Saturday, June 11, 2011

Tibaijuka: Don`t tamper with international border marks

Minister for Lands, Housing and Human Settlements Development Prof. Anna Tibaijuka has called on wananchi to stop removing marks which have been installed to demarcate the country’s boundaries because doing so is sabotaging the nation. Briefing journalists on Africa Border Day, which was marked on Wednesday, Prof. Tibaijuka said there were some people who purposely remove the marks which had been placed at borders, thus creating misunderstandings with neighbouring countries. She however said the country’s borders with the neighbouring countries were secure and talks to verify them were proceeding in order to make them official by putting marks where they had been removed. The minister called on Tanzanians living near the country's borders to guard the installed marks and inform the authorities in case they have been removed.

Professor Anna Tibaijuka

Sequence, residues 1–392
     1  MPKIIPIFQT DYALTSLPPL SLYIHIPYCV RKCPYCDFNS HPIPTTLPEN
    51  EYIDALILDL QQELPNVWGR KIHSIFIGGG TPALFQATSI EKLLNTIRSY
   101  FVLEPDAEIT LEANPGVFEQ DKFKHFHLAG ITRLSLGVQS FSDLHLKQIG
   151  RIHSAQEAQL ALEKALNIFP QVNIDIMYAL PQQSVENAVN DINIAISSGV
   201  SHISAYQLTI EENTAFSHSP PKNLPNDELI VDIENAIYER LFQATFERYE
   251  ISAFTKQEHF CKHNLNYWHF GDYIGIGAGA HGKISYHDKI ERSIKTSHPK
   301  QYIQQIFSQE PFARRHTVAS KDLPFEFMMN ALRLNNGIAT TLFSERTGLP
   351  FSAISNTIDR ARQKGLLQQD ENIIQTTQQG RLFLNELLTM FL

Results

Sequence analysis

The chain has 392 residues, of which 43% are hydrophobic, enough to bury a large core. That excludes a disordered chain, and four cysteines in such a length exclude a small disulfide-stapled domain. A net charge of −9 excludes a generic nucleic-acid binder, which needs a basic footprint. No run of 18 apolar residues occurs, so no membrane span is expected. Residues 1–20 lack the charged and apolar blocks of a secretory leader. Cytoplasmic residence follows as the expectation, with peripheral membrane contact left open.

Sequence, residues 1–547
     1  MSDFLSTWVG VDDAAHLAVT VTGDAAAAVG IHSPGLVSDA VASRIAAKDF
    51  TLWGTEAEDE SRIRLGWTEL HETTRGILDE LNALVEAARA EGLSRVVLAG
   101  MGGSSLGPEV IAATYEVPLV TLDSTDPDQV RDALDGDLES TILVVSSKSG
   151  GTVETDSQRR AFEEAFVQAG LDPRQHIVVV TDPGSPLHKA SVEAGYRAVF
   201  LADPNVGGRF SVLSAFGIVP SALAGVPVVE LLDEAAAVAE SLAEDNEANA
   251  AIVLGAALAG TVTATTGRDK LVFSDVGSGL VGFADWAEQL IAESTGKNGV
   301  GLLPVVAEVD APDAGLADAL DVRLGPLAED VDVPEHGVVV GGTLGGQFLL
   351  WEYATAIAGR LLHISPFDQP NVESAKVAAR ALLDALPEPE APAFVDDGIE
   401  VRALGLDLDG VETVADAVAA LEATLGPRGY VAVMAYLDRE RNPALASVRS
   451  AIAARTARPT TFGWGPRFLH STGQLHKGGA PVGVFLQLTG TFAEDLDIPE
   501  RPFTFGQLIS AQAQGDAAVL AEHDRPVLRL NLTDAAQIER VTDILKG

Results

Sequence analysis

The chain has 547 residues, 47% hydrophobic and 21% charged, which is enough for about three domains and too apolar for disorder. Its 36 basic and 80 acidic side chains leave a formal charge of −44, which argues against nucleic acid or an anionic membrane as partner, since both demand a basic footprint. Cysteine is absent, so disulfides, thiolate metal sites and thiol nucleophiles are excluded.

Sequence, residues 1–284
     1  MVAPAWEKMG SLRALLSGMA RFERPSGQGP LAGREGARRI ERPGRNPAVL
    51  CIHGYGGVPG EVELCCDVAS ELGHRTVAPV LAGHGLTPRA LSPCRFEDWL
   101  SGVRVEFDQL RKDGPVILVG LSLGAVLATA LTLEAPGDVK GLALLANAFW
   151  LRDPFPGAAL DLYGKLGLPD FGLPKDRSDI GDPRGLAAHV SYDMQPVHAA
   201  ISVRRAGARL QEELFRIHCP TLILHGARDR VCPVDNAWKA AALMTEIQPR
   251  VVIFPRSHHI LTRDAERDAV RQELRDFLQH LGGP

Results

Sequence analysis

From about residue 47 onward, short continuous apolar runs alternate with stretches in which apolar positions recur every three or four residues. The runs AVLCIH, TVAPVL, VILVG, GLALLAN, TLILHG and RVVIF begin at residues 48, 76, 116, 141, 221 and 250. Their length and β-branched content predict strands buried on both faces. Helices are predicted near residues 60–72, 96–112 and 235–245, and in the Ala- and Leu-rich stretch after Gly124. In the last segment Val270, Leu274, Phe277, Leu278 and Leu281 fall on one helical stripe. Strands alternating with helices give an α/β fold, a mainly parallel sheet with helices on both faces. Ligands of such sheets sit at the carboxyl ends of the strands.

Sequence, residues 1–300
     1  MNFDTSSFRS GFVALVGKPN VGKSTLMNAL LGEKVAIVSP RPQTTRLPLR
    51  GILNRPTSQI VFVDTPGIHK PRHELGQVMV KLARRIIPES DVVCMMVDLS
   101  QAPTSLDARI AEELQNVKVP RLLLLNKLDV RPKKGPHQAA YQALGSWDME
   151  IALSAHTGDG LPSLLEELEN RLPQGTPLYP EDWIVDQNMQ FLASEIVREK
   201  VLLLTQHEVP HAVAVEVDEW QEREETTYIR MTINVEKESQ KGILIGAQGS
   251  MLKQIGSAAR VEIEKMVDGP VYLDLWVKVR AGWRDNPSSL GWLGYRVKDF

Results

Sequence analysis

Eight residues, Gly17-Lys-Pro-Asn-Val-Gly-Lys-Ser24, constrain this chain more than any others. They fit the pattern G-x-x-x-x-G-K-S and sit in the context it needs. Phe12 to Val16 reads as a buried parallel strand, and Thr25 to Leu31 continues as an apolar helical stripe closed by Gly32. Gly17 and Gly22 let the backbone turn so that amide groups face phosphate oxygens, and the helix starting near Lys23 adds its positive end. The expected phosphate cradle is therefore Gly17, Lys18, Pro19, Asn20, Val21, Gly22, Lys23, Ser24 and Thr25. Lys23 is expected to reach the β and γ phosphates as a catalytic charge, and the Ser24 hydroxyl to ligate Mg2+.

Tibaijuka said international boundaries were crucial and needed to be handled with care because they might result in conflict between countries, as it occurred between Tanzania and Uganda in the late 1970s. On the boundary between Rwanda and Tanzania, Prof. Tibaijuka said the boundary stretched for 201 kilometres. She said during the colonial era Rwanda and Burundi were under German East Africa, thus there was no border to separate the two countries. “After World War 1 Burundi and Rwanda were given to Belgium, thus Britain and Belgium set out to fix a boundary between Tanzania and Rwanda,” she said. The current border was according to the Anglo-Belgian Protocol of 1924 and amendments which led to the repeal of the Anglo-Belgian Treaty of 1934. She said there was no problem in relation to the boundary, but Tanzania and Rwanda would start talks to demarcate the boundary, especially with regard to Kagera River. On borders between Burundi and Tanzania she said it was set as per the Anglo-Belgian Protocol of 1924. She said the length of the entire boundary was 374 kilometres. Prof. Tibaijuka said there was a need to verify the names of rivers which were maintained in the 1924 protocol to see whether the rivers were still in existence or some of them had disappeared due to climate changes.


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